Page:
The attack on truthful education today must be understood in this historical context. Black education and anti-racist instruction have always posed a threat to an American social order built on a foundation of structural racism. The irony is the attack on critical race theory in education confirms one of the central claims of the theory: that any advancements for racial justice will be met with a white supremacist backlash. This was the case when Black people started the Reconstruction revolution, and it’s the case today in the wake of the 2020 uprising for Black lives, described by The Washington Post as the broadest protest in U.S. history.
A concerted effort has been made throughout history to distort, sequester and deny the strides toward a multiracial democracy that Black people made during this incredible period. And yet, racial justice organizers, Black scholars and social movements have always kept alive the true legacy of Reconstruction. In his 1935 masterpiece, Black Reconstruction, W.E.B. Du Bois debunked the white supremacist “Lost Cause” narrative that advanced the pseudohistory of a noble Confederacy defending itself from northern aggression. Black leaders often referred to the civil rights movement as the Second Reconstruction and Martin Luther King Jr. very much understood the importance of the first one, saying,
White historians had for a century crudely distorted the Negro’s role in the Reconstruction years. It was a conscious and deliberate manipulation of history and the stakes were high. The Reconstruction [era] was a period in which Black men had a small measure of freedom of action … far from being the tragic era white historians described, it was the only period in which democracy existed in the South.”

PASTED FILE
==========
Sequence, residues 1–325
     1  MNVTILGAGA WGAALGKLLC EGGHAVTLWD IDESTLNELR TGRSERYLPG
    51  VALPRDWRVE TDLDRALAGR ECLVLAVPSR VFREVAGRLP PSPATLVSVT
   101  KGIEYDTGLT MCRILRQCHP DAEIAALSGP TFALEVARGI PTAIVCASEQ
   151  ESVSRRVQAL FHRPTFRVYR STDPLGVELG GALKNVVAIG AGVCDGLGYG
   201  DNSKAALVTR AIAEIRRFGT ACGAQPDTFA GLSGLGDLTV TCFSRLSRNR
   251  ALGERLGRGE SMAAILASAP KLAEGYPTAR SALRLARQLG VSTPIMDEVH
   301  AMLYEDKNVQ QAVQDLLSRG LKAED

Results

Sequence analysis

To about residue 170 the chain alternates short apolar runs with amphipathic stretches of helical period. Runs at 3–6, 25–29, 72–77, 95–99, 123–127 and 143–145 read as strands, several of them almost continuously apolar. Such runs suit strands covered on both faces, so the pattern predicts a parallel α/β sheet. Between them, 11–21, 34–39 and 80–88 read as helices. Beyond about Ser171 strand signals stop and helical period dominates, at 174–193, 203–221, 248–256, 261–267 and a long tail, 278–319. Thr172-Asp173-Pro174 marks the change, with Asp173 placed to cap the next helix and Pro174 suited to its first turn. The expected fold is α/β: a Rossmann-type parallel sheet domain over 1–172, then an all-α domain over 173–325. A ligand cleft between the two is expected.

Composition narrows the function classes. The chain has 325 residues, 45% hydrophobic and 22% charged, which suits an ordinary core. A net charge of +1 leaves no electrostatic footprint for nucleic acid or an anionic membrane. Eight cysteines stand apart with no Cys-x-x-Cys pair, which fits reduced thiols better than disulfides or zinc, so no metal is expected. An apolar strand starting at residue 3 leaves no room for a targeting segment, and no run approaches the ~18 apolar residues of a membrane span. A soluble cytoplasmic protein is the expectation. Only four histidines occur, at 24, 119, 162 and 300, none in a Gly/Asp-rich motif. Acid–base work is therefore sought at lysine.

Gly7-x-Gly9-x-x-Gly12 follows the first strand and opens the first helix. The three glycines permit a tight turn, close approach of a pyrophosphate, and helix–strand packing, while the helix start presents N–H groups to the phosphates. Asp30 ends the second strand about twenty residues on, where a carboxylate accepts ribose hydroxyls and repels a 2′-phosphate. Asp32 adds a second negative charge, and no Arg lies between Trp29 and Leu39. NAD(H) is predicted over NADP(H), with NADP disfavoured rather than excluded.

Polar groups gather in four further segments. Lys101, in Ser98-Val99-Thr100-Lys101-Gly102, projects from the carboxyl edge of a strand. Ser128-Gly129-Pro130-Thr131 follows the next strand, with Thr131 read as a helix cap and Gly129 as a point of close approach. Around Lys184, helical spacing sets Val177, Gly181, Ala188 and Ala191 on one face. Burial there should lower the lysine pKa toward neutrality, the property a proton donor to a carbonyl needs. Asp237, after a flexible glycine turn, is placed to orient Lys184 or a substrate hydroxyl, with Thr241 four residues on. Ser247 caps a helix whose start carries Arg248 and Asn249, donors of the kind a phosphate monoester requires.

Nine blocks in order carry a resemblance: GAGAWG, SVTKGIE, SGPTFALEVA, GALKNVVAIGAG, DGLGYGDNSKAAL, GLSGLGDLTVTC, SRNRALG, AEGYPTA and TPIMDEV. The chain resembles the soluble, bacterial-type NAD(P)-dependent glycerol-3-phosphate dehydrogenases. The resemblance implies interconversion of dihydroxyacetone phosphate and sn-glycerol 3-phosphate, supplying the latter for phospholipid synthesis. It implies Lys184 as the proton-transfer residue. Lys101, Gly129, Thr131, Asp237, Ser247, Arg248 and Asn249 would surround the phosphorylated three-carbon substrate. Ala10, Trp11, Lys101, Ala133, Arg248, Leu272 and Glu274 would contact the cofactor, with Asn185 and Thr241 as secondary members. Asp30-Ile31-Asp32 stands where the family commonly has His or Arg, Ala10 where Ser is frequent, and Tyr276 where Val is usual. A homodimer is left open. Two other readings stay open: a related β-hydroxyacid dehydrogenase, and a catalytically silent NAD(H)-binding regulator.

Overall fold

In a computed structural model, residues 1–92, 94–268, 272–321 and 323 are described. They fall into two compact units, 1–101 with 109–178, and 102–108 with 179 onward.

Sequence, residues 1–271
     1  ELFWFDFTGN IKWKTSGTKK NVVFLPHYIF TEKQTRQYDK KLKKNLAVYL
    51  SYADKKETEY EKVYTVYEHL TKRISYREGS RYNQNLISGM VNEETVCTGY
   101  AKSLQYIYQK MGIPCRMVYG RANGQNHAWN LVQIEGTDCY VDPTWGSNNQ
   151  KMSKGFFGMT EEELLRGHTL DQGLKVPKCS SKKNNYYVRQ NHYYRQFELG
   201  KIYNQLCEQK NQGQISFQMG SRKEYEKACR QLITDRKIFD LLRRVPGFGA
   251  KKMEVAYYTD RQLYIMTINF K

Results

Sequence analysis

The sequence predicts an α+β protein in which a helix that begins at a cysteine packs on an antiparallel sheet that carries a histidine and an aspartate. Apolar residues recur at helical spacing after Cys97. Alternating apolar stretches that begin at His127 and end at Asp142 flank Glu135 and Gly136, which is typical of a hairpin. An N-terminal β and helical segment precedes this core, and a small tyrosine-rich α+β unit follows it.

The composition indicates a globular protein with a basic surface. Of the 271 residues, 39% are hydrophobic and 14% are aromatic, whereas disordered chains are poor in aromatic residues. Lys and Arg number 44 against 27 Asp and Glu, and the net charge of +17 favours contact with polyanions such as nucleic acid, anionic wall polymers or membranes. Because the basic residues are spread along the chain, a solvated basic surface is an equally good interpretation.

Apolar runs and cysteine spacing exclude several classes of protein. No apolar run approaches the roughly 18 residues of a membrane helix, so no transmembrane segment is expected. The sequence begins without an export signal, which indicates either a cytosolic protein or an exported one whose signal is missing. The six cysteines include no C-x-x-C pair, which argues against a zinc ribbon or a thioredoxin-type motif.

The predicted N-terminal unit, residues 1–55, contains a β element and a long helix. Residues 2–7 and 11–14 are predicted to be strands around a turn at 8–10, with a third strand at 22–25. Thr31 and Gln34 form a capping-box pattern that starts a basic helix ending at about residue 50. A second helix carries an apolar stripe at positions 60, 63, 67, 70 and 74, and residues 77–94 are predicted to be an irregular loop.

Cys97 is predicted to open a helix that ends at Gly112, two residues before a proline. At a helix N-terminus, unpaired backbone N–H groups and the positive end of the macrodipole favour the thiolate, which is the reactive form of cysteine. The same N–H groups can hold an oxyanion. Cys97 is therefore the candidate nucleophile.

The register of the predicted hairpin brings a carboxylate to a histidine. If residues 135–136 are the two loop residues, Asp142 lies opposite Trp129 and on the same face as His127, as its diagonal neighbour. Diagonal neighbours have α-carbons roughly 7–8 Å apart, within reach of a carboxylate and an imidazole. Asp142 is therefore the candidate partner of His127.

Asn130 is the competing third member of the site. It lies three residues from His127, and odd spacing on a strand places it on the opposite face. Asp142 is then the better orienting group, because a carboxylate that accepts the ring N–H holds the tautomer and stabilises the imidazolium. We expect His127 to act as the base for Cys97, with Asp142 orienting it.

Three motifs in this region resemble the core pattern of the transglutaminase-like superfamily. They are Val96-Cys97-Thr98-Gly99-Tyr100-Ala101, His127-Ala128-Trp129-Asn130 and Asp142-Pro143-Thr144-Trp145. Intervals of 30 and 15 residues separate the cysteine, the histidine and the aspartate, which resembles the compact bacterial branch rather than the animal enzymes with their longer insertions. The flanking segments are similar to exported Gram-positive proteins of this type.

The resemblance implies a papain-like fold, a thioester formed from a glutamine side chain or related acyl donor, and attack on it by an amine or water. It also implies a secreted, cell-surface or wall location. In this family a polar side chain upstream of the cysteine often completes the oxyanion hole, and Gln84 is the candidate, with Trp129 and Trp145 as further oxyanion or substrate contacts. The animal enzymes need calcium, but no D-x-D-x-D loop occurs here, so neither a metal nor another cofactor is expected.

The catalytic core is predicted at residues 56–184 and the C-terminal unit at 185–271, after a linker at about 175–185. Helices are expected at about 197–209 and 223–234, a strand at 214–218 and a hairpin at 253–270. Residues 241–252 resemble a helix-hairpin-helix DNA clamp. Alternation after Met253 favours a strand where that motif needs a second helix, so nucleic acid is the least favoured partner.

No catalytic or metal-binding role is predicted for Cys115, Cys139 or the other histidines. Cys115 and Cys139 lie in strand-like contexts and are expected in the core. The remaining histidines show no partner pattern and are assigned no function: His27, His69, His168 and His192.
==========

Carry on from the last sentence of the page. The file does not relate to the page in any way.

Today, educators, students and parents are building a movement to teach truthfully about structural racism and raising their voices against the violence perpetrated on students’ intellectual development when Reconstruction is erased in school. Over 8,000 educators have signed the Zinn Education Project’s pledge to teach the truth about structural racism and oppression. In an open letter aimed at school administrations around the country, over 200 scholars of U.S. history urge “school districts to devote more time and resources to the teaching of the Reconstruction era in upper elementary, middle, and high school U.S. history and civics courses.”
The task that remains for those of us interested in making Black lives matter to the institutions and political structures of our society is to complete — and extend — the efforts that were undertaken during Reconstruction. As Ann Arbor middle school teacher Rachel Toon said, “Reconstruction is the single most important era for students to understand. Everything that is happening in their world today can be traced back to the way Reconstruction happened — and how it was thwarted.”